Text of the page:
Automate your Topspin NMR workflow

Here is a tip for scientists that need to batch process NMR data quickly and uniformly for analysis.  This approach could be a big time-saver in situations where you have a large series of 1D reference spectra collected by sample automation, for example.  Or in NMR screening applications, where dozens of STD-NMR experiments are being collected during an overnight run.

Hidden away in the Topsin “Processing” menu is a feature called “Serial Processing:”

Screen shot 2014-10-20 at 2.39.51 PMSelect this menu option and you will see the following dialogue:

Screen shot 2014-10-20 at 2.49.37 PMSince this is first time you are doing this operation, you need to select “find datasets” in order to first find the data to process.  In the future, you will have a “list” created for you by the program that you can reuse to reference datasets in combinations that you specify.

When you click “find datasets” you will see this dialogue:

Screen shot 2014-10-20 at 2.40.02 PMSelect the data directory to search from the “data directories” box at the bottom of the window.   (If your NMR data directory is not here, it is because you haven’t added it to the Topspin file brower in the main Topspin window.  Go do that first, and come back and try this operation again.)

Under the “name” field, enter the name of the specific dataset directory you wish to search, or leave it blank to search across many directories.  You can also match on experiment number (EXPNO) or process number (PROCNO).  The check boxes enforce exact matching.  You can select 1D or higher dimensional datasets for processing.  You can also match by date.

When you’ve made your selections, it will look like this:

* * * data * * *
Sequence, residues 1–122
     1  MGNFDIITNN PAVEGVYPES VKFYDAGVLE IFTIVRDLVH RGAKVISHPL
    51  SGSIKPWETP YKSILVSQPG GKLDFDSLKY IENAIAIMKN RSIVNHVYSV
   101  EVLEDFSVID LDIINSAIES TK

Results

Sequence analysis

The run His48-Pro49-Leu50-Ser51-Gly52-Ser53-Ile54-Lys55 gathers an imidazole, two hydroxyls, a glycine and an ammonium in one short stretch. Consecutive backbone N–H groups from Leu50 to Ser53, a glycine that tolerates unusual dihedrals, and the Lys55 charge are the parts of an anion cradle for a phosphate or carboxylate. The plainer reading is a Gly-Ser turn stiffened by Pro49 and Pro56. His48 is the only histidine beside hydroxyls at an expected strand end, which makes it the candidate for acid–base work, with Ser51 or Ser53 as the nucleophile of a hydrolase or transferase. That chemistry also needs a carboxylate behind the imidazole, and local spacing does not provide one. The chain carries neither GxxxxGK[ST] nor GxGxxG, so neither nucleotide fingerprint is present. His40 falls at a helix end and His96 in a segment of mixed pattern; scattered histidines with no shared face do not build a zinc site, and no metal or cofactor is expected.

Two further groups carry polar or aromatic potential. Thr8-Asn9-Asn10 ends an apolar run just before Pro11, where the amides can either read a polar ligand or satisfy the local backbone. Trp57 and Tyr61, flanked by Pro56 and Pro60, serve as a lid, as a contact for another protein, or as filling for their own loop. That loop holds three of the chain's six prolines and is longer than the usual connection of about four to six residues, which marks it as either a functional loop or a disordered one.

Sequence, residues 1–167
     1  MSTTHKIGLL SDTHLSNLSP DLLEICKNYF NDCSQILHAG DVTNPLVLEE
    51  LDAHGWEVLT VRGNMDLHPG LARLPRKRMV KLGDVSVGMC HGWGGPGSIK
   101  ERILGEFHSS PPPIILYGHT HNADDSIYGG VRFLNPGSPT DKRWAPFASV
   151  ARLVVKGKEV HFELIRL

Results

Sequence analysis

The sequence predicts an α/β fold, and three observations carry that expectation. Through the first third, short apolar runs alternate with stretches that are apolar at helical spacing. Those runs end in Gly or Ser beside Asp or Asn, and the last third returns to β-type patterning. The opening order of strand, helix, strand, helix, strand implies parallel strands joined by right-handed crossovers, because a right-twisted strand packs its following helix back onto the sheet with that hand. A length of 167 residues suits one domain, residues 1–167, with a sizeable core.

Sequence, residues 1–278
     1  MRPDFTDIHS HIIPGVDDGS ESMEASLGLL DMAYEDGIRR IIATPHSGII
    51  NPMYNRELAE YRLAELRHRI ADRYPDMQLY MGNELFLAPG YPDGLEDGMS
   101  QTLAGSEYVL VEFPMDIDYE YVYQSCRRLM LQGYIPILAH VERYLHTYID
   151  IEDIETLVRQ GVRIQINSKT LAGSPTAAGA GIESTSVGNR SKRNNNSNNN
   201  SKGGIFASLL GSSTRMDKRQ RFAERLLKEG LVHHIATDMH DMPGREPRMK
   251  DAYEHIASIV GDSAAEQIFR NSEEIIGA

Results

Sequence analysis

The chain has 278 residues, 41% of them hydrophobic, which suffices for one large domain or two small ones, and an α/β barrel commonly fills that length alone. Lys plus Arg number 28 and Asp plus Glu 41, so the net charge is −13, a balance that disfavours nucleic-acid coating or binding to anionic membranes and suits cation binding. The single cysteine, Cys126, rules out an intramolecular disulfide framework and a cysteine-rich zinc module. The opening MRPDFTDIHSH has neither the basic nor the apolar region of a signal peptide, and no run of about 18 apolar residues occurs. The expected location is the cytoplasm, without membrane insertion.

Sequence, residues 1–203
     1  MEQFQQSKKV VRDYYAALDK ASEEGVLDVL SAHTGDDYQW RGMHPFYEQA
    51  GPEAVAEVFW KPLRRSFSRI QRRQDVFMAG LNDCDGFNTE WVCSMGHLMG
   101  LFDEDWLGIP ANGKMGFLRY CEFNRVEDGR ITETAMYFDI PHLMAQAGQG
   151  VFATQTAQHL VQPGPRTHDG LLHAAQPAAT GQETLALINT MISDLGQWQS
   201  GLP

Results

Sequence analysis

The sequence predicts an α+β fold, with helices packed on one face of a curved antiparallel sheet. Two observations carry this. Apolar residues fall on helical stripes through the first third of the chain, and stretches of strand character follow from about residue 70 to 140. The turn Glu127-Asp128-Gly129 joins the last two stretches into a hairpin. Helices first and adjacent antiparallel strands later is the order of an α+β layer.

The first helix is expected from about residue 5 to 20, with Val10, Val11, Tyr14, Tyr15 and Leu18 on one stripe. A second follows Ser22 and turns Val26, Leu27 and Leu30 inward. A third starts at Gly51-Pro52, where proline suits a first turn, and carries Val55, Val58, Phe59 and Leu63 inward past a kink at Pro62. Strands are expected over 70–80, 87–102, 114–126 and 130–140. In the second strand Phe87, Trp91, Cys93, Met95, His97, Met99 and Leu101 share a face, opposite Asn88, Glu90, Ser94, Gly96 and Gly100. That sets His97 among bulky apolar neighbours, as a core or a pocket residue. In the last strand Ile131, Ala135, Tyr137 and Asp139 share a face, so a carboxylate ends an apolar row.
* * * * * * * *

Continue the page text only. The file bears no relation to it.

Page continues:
Screen shot 2014-10-20 at 2.40.46 PMIn this search, I am selecting for all 1D data contained in the “Oct16-2014-p97” subdirectory of my NMR data repository at “/Users/sandro/UCSF/p97_hit2lead/nmr”.

Click “OK” and wait for the results.  Mine look like the following:

Screen shot 2014-10-20 at 2.41.18 PMThe program has found 24 datasets that match my criteria.  At this point, you want to select only those you wish to batch process.  I will select all files like this:

Screen shot 2014-10-20 at 2.41.36 PMNow click “OK” and you are returned to this prompt:

Screen shot 2014-10-20 at 2.42.00 PMNotice that the program has now created a list of datasets for batch processing for you, store in the ‘/var/folders/’ temporary directory.  The list is a text-based list of the filenames you specified by your selection criteria.  You can edit by hand or proceed to the next step.  To proceed, click “next.”  You will now see this dialogue:

Screen shot 2014-10-20 at 2.42.20 PMThis is where the useful, time-saving stuff happens.   This dialogue takes the list you defined and applies whatever custom command sequence you would like to apply to your data.  You define this sequence in the text box at the bottom.  As you can see, I have chosen to perform “lb 1; em; ft; pk.”   This is line broadening = 1, exponential multiplication, fourier transform, and phase correction.  You can also specify a path to a python script for the Topspin API.

Once you have your desired processing commands, click “Execute” and go grab a coffee!  You just saved yourself many minutes of routine processing of NMR spectra.    Hope you find this tip useful and that it can save you some time in your day.